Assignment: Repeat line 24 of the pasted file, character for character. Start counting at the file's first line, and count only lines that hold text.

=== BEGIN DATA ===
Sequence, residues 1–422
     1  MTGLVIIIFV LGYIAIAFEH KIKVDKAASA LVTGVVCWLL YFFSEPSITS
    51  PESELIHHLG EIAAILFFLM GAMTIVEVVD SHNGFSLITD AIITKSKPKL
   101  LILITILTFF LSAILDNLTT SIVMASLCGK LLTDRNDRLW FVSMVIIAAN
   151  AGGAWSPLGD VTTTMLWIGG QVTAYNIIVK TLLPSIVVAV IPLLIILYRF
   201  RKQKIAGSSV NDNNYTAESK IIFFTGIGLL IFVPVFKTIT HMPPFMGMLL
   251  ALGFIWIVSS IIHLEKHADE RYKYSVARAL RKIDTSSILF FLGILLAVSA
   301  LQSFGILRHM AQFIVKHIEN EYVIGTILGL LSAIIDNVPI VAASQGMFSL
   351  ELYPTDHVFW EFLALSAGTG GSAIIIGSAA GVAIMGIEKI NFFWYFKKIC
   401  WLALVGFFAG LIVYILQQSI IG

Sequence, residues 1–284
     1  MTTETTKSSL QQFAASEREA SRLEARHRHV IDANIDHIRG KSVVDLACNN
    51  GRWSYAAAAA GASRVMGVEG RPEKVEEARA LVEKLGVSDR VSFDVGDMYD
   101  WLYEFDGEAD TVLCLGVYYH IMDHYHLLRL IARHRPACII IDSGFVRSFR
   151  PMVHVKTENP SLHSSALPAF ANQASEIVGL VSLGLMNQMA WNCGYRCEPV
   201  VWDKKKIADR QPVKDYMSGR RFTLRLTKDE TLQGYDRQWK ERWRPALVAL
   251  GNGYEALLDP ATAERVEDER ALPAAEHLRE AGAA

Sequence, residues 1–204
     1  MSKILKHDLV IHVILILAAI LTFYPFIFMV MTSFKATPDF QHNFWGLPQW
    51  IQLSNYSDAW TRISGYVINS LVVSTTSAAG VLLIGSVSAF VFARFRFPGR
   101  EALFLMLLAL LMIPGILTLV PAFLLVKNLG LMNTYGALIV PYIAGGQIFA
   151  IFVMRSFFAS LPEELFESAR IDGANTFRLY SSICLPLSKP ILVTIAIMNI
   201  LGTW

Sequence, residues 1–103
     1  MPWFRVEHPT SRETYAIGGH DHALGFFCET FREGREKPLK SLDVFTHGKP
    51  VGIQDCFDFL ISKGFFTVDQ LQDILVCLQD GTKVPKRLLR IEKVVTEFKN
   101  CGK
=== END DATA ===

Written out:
Sequence, residues 1–103